Regardless of where one's political affiliation lies, there can be no doubt that the current administration has shaken things up on the political landscape. For immigrants, concerns over Trump's immigration policies have caused a great deal of anxiety. According to family law professionals, there has been an uptick in the number of immigrants who are engaged to an American citizen and hoping to escalate their wedding timeframe. For those Louisiana couples, a prenuptial agreement may also be a desirable course of action, even though issues of community property are likely not on their minds at the moment.
For many Louisiana residents, the division of retirement assets is a primary focus during the property division process. In fact, there are many families in which retirement savings comprise the bulk of marital wealth. Getting things right during the division of these assets is important, and should be a priority. To that end, it is important to carefully review the QDRO to ensure that there are no costly errors or omissions present.
The process of dividing marital wealth is a primary focus for many Louisiana spouses who are going through a divorce. That is understandable, as the outcome of property division will have a lasting impact on both parties as they move beyond their marriage and into the next phase of their lives. When preparing for negotiations of community property, spouses need to be aware of Bitcoin and similar companies, and be on the lookout for signs that their partner may have taken steps to shield assets from loss during divorce.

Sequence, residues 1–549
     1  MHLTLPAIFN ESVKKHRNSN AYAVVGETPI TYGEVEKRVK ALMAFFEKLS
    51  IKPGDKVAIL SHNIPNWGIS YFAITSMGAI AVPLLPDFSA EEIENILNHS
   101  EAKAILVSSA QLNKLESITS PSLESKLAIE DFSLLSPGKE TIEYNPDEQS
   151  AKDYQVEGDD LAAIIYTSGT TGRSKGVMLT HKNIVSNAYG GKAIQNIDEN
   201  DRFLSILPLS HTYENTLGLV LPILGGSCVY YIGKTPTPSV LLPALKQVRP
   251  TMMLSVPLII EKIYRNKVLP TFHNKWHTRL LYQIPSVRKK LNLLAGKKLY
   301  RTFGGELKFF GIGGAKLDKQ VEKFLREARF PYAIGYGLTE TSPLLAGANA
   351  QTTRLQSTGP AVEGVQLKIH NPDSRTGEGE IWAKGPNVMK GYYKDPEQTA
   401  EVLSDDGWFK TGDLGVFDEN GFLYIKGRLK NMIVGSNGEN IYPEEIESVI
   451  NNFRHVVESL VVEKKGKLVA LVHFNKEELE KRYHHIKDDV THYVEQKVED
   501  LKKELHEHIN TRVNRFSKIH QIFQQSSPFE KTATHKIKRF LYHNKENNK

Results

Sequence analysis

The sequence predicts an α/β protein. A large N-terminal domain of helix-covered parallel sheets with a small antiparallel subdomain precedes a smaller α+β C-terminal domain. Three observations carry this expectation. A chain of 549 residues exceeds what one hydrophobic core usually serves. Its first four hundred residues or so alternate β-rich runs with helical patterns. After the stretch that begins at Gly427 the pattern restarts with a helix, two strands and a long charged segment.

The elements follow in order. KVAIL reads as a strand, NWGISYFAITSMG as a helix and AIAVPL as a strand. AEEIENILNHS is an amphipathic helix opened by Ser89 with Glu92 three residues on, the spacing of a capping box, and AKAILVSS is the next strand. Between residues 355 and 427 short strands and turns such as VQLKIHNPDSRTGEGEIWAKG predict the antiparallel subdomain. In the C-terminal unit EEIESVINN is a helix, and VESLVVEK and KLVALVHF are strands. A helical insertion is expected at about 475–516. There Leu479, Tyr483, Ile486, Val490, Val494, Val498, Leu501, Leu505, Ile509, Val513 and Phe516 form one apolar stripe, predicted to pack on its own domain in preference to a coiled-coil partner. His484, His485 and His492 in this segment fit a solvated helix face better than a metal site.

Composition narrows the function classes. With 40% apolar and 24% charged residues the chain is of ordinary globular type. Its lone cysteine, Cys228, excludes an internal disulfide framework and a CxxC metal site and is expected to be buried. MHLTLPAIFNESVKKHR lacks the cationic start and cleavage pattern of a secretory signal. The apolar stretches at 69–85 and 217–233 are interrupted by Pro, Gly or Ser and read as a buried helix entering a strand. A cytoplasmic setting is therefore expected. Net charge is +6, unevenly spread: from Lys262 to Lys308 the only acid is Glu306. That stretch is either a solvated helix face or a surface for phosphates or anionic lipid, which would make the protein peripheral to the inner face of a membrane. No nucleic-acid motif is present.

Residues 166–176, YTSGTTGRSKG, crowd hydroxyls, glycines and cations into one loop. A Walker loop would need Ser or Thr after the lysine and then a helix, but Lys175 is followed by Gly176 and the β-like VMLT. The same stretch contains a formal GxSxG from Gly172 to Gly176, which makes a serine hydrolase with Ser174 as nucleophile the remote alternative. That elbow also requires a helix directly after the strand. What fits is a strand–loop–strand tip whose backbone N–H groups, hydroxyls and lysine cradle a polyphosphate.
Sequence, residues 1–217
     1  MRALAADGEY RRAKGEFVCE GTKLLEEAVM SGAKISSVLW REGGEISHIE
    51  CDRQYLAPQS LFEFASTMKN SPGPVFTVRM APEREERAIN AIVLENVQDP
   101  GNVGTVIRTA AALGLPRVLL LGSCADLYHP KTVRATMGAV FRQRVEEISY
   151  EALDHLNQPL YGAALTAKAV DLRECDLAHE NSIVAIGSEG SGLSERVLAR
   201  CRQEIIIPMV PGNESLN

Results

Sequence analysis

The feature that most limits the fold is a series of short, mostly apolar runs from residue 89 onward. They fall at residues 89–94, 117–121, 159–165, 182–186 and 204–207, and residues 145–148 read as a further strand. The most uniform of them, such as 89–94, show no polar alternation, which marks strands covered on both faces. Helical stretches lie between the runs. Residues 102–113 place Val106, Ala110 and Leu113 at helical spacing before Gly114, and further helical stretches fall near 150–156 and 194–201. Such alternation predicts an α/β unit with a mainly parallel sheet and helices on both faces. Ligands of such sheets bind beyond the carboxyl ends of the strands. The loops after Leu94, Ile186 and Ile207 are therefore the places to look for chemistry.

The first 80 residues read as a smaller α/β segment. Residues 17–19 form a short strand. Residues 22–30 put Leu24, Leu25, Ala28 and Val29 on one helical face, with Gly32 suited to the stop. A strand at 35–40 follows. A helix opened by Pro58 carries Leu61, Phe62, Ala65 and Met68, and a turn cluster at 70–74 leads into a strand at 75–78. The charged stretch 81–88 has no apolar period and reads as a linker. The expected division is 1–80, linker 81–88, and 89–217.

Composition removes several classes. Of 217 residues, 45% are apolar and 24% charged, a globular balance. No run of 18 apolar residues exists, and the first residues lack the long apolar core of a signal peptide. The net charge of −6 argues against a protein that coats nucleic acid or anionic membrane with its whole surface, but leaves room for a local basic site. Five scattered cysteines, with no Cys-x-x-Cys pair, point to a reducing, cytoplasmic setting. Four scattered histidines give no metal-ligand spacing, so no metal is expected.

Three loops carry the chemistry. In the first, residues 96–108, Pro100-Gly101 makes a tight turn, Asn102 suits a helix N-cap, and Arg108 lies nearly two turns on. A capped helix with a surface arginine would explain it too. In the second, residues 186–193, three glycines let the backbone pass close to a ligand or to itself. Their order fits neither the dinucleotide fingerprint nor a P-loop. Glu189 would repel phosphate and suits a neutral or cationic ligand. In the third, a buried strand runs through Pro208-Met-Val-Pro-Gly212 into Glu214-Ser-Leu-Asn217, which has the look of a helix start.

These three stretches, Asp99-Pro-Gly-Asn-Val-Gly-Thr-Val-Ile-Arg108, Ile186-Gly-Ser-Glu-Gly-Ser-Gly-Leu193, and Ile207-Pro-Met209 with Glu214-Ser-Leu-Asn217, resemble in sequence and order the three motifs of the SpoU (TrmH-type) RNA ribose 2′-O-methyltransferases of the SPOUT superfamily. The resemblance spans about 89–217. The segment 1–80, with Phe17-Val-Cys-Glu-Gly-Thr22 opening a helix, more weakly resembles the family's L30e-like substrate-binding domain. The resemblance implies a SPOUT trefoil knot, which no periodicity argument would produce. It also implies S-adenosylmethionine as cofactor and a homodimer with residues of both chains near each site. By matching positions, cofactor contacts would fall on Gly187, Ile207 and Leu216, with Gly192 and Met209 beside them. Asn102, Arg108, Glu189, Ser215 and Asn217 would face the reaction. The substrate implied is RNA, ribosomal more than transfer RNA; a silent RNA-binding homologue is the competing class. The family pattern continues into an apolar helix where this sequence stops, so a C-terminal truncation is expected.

Other than the marital home, one of the largest assets that Louisiana residents have is their retirement accounts. In most cases, the portion of those accounts that was acquired during the marriage could be subject to division in a divorce. Under the Employee Retirement Income Security Act of 1974 (ERISA), a qualified domestic relations order (QDRO) will need to be issued by the court before any funds can be dispersed for the benefit of the receiving former spouse.
Prenuptial agreements have gotten a bad rap as being something couples get because they expect that their marriage won't last. Many couples deny themselves some important benefits by refusing to consider one. In states like Louisiana, community property laws mean that the court divides your joint assets and debts evenly in the event of a divorce. Having a prenuptial agreement can certainly make the process of property division much more agreeable.
Louisiana is one of only a handful of states in the U.S. that follow community property laws. What does this mean for a divorcing couple?